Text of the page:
The CSM graduate Edwin Mohney is best known for his outlandish silhouettes, headline-worthy creations (who remembers the inflatable swimming pool dress and those “Trumpettos” from his MA collection?) and bespoke outfits for the likes of like Beyoncé, Frank Ocean and Christina Aguilera . Over the past year however, forced to adapt by industry-wide challenges brought about by the pandemic, the Buffalo-born, LA-based fashion designer has demonstrated that there’s a whole lot more to the brand than that.
First came the avatar models, exploring the possibilities of a new frontier of digitally-led fashion. Then, in the midst of the pandemic, Edwin turned his hand to redesigning a line of PPE hospital wear for frontline workers, which addressed some of the shortfalls of existing uniforms. While Edwin’s work consistently displays great skill, it’s also the unpredictability of his trajectory which keeps it exciting: for his latest project, he’s teamed up with Australian photographer Edward Mulvihill on a book exploring the outer reaches of 3D modelling.
Responding to a series of imaginary fantasy-world renders created by Edward, Edwin has created six dresses united in their design approach and which will ultimately be photographed within these imagined settings. With the book due later this year, Edwin shared his new designs with i-D — shot by Edward on rising star Ajok — for an exclusive early preview.
We called Edwin for a chat about his new project and his desire to “catch the wind and turn any moment into an unforgettable experience”.
Edwin, how would you describe yourself and your work?
I would describe myself as an artist who works within the medium of fashion, costume and design. I love the multifaceted aspect of these disciplines and how they are ever-evolving. There’s always a new technique or a completely opposing skill to explore. One minute I can express myself through drawing, then sew a garment, experiment with resin, be on set, or just end up designing characters on my computer. The integration of all of these aspects feels generous and futuristic. I’m interested in forging a path at the intersection of all of my passions while remaining true to myself.
That makes so much sense in the context of your design. Your Instagram bio lists: couturier, costumer, artist, seamstress, tailor and stylist as your skills. Why limit yourself?!
Exactly. This description covers all the ideal versions of myself I see existing. One day I wake up and want to role play as Dior and Gaultier. The next day I’m channelling Rauschenberg. In order to produce good work, I think there’s an element of performance and pretend involved. It stems from how I would play as a kid and I think it always lightens my mood when making things.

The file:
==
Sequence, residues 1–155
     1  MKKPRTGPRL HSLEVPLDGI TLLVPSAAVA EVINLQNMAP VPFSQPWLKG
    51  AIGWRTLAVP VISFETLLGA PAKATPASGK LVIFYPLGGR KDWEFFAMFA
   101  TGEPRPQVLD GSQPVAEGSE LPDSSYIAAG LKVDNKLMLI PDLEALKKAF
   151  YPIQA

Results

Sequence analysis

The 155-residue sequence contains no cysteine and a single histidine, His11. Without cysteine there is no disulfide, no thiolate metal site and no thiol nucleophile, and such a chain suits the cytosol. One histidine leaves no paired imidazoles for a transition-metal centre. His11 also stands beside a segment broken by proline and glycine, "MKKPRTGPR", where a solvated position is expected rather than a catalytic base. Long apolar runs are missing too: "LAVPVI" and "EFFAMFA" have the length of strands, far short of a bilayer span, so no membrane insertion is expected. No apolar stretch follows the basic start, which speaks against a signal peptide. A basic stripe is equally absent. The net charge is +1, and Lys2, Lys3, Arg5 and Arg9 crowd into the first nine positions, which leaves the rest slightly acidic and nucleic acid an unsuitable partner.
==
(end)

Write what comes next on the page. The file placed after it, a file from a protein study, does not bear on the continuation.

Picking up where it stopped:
What inspires you most?
Life, friends, love, and family. Of course there are always the literal references like imagery and music, but conversations with my best people inspire me more than anything.
How do you think growing up in America has influenced your work?
Surviving my teenage years really shaped me. I was consistently bullied and othered growing up as a queer, non-binary kid in rural America. I was too sensitive or too gay or too, dare I say, fabulous for the vanilla people. Creativity was my escape from those difficult growing pains and also a source of strength. Not much has changed in the way of my practice. I still use my work to manifest an idea and build a more beautiful present. I learned so much about my own tenacity, passion and identity through that experience.
The dresses here were made for your new project with photographer Edward Mulvihill. How did this come to life?
The planets and stars aligned. As many new endeavours begin, Edward and I were introduced on Instagram. I had admired his work for some time and he reached out with an idea for a collaboration. I was so excited! It really was something straight from the universe because when I learned more about Edward’s ideas, I realised I had already started on a dress that felt in line with his virtual and textural integration approach. I kept developing the initial dress idea into a few more and here we are.
How did you make them and what are they made from?
I’m a big vintage collector. My favourite thing to do, when there isn’t a pandemic, is to go vintage hunting. I have quite an archive of pleated and jersey pieces from experiments with stretching the fabric. I didn’t invent the technique, that was Pierre Cardin, but I created silhouettes that are my aesthetic by using sewn-on boning.
You’ve made clothes for some fabulous performers including Christina Aguilera and Beyoncé. Is this something you’ll continue to pursue?
The performative aspect of clothing is what inspired me from a young age. I was so excited by how a dress would change my mother’s mood or alter her actions. That felt like magic. I’m ultimately trying to aid the wearer in being the most confident version of themselves.
How would you describe what you’re trying to share with the world?
If I can make something that puts a smile on someone’s face or gives them life, that’s enough. Tastes change, my taste certainly does. I’m not interested in projecting my aesthetic in a deliberate way. Instead, I’m focused on catching the wind and turning a moment into an unforgettable experience. My intention is to bring people together with these experiences, whether they love it or not.